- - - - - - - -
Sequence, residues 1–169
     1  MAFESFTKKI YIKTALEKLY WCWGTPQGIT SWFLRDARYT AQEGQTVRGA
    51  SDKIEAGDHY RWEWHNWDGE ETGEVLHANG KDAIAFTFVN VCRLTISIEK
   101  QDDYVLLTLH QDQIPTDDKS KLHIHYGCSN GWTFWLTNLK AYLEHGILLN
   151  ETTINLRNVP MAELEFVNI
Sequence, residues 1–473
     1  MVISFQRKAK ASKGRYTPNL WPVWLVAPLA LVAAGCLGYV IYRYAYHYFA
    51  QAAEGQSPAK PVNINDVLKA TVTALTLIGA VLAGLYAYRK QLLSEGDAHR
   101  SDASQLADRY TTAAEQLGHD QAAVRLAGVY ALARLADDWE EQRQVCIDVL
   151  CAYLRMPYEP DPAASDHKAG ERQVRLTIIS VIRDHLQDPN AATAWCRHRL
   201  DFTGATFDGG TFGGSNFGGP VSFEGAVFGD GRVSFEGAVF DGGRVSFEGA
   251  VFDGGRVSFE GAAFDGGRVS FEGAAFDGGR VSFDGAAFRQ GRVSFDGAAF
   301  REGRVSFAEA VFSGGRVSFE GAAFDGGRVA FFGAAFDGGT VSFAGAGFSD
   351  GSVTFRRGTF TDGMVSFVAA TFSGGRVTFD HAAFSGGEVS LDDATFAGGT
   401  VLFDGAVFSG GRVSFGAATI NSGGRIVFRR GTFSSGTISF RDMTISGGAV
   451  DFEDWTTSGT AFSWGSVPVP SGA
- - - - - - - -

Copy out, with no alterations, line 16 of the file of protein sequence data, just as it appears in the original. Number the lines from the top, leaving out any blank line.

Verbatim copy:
   451  DFEDWTTSGT AFSWGSVPVP SGA